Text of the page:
Five new homes approved in Portslade street

Cars will not be able to reach five new homes approved for a Portslade street.

A removable bollard would prevent cars from reaching the proposed houses on land behind 20 Rowan Close but would allow the emergency services to get through.

The scheme is for four three-bedroom houses – built as two blocks of semi-detached homes – and one detached five-bedroom house.

North Portslade councillor Peter Atkinson spoke on behalf of residents who sent 16 letters against the scheme.

He told Brighton and Hove City Council’s Planning Committee that neighbours in Rowan Close were concerned about parking which was more strained due to three new developments in the area.

He said: “We have had incidents where refuse and recycling trucks couldn’t get through due to parked cars.

“I also had a situation where a resident needed to be able to call on the police quickly and was concerned that their arrival might be impeded.”

The developer Michael Deller said that he understood the concerns and told the Planning Committee that he had originally planned for parking spaces on the site.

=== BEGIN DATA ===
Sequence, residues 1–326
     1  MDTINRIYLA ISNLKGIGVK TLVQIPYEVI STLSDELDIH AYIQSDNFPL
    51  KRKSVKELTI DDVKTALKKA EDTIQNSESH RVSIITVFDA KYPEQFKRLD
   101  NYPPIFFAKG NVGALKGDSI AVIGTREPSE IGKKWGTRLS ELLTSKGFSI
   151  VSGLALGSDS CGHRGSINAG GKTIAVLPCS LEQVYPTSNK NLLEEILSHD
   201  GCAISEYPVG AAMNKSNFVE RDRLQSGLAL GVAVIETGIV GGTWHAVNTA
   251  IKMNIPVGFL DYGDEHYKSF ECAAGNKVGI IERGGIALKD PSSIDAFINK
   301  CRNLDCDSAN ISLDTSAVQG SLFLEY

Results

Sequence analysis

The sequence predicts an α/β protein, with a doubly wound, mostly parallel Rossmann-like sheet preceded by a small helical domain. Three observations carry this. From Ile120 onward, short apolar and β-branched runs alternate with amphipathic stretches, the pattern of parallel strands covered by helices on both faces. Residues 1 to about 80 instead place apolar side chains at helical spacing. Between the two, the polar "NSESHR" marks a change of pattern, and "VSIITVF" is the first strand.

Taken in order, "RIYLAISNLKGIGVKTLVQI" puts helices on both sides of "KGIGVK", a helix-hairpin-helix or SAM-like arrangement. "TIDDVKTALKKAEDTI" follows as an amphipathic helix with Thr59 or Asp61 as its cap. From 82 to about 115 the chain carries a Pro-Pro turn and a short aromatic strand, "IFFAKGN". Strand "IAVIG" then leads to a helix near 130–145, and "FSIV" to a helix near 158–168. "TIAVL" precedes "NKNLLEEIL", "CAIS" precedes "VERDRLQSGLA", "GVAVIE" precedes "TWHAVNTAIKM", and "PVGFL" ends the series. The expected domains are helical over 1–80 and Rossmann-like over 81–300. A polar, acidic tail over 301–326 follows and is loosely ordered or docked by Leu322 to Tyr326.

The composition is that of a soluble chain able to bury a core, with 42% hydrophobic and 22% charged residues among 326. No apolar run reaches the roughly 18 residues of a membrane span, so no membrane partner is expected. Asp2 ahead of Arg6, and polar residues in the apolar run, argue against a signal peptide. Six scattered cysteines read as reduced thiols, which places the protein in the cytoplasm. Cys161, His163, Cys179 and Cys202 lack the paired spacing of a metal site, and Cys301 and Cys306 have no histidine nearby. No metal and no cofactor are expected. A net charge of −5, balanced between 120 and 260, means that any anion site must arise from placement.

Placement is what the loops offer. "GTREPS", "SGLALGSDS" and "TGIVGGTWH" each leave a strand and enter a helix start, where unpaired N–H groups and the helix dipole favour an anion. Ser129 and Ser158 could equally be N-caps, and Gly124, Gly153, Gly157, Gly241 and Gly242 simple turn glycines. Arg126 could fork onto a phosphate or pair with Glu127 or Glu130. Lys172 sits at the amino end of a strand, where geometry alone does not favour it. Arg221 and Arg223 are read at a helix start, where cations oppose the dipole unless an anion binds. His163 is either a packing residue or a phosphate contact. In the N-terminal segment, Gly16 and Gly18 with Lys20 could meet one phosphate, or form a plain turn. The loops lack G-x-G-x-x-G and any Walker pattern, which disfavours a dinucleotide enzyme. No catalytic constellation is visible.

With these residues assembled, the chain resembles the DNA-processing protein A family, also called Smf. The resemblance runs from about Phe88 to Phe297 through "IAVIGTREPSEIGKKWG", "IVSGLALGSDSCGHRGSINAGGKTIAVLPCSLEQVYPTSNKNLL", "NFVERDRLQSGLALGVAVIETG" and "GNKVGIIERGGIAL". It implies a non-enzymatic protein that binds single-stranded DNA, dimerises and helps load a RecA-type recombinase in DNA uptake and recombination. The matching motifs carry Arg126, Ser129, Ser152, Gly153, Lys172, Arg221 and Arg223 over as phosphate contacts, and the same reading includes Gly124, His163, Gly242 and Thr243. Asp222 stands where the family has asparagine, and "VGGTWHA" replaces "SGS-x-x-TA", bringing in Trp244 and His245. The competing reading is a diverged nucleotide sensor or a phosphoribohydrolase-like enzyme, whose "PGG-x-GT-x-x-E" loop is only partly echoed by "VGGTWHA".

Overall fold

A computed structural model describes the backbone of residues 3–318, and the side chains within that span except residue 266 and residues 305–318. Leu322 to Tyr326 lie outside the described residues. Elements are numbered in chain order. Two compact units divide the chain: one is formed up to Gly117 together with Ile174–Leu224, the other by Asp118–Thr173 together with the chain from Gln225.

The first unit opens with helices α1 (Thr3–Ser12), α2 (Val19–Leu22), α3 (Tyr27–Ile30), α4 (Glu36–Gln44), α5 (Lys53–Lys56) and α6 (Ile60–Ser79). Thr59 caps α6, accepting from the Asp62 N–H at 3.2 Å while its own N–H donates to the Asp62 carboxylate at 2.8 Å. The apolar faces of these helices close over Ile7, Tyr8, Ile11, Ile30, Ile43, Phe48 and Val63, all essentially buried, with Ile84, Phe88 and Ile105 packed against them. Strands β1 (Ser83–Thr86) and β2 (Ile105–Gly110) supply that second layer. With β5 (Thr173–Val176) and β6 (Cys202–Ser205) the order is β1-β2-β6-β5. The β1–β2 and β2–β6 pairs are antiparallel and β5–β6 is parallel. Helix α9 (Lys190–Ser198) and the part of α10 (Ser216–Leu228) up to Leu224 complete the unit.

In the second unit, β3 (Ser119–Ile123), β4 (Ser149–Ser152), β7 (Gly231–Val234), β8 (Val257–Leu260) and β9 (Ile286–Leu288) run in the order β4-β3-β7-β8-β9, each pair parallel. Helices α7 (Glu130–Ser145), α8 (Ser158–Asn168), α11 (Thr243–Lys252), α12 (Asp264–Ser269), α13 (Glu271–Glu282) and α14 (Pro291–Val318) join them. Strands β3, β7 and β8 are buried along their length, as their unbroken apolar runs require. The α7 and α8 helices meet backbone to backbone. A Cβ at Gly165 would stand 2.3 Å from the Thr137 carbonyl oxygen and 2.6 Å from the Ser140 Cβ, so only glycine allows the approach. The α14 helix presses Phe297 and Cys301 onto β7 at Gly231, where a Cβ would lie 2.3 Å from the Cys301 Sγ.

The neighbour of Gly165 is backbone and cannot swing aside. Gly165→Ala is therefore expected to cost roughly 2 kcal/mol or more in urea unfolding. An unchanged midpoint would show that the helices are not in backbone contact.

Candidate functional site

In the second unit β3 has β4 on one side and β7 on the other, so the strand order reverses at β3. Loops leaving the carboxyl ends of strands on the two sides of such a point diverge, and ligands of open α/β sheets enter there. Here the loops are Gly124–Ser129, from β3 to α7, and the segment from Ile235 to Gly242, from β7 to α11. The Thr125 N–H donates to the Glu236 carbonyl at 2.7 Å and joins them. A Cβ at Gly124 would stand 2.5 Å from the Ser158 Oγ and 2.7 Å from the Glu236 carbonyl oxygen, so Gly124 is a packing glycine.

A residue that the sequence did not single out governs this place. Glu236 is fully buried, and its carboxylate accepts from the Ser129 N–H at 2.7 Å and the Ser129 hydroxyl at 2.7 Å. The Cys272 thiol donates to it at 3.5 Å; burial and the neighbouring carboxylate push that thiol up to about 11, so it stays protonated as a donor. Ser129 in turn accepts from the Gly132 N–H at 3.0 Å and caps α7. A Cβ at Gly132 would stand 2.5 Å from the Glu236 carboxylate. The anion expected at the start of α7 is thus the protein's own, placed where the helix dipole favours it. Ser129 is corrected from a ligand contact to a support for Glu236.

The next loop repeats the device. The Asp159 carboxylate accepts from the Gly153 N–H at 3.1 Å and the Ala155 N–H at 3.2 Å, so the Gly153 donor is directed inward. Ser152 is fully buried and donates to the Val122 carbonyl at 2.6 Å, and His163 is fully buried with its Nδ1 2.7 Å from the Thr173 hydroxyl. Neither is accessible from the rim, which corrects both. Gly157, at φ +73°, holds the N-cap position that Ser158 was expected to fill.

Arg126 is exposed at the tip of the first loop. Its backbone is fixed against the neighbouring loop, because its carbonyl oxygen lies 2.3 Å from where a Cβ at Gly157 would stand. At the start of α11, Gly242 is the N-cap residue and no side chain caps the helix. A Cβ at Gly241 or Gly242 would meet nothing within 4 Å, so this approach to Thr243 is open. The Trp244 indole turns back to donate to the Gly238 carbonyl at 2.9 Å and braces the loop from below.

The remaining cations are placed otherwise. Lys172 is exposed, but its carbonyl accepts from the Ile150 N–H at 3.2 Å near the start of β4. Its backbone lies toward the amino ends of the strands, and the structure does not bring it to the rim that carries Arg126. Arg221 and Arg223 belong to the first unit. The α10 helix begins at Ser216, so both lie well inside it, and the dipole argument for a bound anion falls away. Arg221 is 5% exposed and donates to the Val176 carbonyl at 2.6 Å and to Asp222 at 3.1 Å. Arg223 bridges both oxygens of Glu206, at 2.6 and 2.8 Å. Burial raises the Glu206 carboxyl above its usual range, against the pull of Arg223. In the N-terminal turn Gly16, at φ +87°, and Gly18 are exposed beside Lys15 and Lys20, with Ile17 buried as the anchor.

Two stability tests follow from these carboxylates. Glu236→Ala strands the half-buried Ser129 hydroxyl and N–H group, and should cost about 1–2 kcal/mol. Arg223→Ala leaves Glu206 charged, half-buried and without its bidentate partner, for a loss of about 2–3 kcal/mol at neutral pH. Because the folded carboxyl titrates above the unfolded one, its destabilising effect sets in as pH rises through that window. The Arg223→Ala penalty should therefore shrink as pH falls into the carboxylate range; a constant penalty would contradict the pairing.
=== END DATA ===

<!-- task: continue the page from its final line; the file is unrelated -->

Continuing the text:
During a pre-application meeting Mr Deller said that council officers said that there was a bus stop very close by on Mile Oak Road making public transport viable.

He also said that there were more than 30 garages available in the immediate area.

Mr Deller said: “We discussed  with the council the vehicle access compared to pedestrian access and pedestrian was found to be the best way go.

“We discussed parking and it was the recommendation of the council that we not have parking on the site.”

Labour councillor Daniel Yates said: “As soon as someone knows there is a bollard to take out, the bollard gets taken out. They disappear and people start driving across. I’m sorry, I’m a cynic.”

He was told that it would stop people from parking there and reversing out of the site.


Conservative councillor Carol Theobald was sad to see the loss of a “rather grand” tree on the property but it was not protected by a tree preservation order. She voted against the scheme.

Councillor Theobald said: “These properties would be quite small. Five is too much for this piece of land.

“I feel cars should be allowed up that way. As to say you don’t need the car in that area, you’re a long way from the city centre. If you can’t use the bus or cycle, it’s just not feasible.”

Green councillor Leo Littman said: “Given the size of the plot and the narrow entrance, I think this is a great opportunity to get a few more units in the area.

“The gardens will be smaller and the houses are narrow but that is the character of the area.”

Councillors voted eight to one for the scheme.

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